Aim of the Services Directive
With the Services Directives, administrative barriers for trade in services should be removed in order to enable unused potential of the services market in Europe.
It should become easier and transparent for consumers and small- and medium-sized businesses to offer or receive services in the EU Single Market.
Advantages for companies
According to the Directive, Member States have to simplify their procedures and formalities for service providers. Additionally they have to remove all disproportionate and unjustified obligations and simplify the following points significantly:
- the establishment of companies, e.g. when a natural or legal person wants to establish a permanent business in a Member State, and
- the cross-border provision of services, e.g. a company wants to offer services in another Member State without establishing an office there.
According to the Directive, the Member States have to install "points of single contact" where service providers can get all necessary information and complete all procedures and formalities. These "points of single contact" need to be accessible at a distance and by electronic means.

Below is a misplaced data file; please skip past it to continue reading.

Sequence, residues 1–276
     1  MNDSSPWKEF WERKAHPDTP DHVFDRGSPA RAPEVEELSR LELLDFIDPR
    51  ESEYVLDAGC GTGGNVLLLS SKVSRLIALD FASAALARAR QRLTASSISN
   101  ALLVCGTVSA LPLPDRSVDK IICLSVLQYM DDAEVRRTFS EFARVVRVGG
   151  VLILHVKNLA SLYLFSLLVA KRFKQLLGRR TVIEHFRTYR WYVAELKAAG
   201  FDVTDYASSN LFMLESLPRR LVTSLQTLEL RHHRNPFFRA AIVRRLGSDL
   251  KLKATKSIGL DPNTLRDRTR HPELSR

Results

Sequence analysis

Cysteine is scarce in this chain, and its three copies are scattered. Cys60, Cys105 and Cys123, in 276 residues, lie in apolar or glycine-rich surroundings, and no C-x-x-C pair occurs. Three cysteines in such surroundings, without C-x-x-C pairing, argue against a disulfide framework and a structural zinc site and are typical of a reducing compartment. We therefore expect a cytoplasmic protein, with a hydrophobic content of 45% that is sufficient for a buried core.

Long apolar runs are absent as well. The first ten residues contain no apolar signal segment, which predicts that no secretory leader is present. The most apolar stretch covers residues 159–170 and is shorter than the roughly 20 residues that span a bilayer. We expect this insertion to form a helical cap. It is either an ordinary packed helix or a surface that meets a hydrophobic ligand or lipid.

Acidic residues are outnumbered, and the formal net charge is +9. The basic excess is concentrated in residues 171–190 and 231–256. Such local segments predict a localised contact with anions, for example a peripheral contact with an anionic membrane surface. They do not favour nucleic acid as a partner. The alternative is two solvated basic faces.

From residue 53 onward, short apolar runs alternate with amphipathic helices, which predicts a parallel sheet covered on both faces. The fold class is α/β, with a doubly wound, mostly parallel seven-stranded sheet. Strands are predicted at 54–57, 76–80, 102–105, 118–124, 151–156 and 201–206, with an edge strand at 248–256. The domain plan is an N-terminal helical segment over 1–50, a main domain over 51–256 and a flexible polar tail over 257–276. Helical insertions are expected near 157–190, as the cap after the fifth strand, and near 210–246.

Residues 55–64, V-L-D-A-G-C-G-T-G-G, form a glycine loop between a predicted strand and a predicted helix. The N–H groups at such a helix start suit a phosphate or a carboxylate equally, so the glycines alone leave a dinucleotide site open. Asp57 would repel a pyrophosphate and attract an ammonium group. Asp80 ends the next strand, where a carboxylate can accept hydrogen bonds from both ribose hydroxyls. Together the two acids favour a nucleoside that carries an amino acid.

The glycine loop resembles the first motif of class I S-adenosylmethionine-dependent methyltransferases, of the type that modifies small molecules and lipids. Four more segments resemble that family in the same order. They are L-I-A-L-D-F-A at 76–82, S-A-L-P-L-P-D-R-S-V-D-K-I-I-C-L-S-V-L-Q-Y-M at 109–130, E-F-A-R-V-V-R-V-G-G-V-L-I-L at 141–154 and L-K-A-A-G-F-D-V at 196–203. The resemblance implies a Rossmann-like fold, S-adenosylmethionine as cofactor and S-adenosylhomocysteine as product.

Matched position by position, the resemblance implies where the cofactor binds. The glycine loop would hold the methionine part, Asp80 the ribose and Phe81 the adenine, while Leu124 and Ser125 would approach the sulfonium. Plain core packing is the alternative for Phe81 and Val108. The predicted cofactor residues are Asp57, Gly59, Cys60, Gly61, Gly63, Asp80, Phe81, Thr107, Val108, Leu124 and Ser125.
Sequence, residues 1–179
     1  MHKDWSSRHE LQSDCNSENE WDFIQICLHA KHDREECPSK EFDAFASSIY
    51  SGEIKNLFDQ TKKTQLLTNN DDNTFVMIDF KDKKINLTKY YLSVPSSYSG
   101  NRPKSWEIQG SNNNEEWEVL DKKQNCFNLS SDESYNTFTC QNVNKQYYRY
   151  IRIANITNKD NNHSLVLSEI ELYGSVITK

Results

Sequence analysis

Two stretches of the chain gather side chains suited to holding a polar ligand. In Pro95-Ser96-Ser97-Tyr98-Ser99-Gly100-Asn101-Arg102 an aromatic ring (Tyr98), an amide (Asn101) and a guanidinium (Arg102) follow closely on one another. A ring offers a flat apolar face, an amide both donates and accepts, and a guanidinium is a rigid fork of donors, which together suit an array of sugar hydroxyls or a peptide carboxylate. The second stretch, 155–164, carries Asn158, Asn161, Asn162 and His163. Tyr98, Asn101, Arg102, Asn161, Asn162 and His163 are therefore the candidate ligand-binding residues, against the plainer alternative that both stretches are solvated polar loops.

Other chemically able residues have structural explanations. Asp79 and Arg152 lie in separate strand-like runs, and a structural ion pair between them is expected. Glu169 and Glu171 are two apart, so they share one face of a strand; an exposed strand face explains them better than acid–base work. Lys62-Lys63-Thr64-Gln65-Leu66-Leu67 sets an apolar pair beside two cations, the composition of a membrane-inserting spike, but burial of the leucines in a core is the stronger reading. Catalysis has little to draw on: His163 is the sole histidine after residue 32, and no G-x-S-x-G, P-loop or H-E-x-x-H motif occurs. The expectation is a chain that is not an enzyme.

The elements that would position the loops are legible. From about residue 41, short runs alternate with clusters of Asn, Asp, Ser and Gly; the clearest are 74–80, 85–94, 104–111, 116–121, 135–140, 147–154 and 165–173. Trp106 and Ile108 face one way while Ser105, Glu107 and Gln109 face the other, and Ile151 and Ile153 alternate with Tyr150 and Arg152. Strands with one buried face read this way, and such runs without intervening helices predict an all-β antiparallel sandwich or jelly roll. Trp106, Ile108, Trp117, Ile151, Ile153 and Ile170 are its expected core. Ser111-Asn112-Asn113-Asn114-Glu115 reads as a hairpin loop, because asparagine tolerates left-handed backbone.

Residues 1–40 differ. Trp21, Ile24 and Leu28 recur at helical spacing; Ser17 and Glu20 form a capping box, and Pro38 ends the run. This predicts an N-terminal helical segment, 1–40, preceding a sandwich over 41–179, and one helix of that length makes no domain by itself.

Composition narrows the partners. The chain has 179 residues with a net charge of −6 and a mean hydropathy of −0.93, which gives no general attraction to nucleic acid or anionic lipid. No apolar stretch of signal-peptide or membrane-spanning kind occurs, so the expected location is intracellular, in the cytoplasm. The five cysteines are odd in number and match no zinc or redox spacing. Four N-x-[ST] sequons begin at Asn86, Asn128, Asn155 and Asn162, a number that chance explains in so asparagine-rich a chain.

Advantages for consumers
The Services Directive also strengthens the rights of recipients of services (consumers as well as companies). For example: The Directive forbids discriminating conditions based on nationality or residency of the recipient.
Furthermore, the Directive states measures to encourage high quality of services as well as information and transparency regarding service providers and their services.
Teamwork of Member States
Last but not least, the Member States are obliged to work together according to the Services Directive in order to effectively monitor service providers and their services.
When will the Services Directive be implemented?
The Services Directive was adopted by the European Parliament and the Council on 12.12.2006. The Member States have to fully implement into their national systems on 28.12.2009 the latest.
Information requests of consumers
To avoid potential barriers in accessing cross-border services, consumers can get information about service providers in other Member States beforehand:
- general information about conditions regarding access and exercise of service activities in other Member States, especially about consumer protection;
- general information about judicial remedies in case of disputes between the provider and the recipient of services;
- information about the accessibility of organisations that advise and support service providers and recipients.
German version of this article: © European Communities, 1995-2009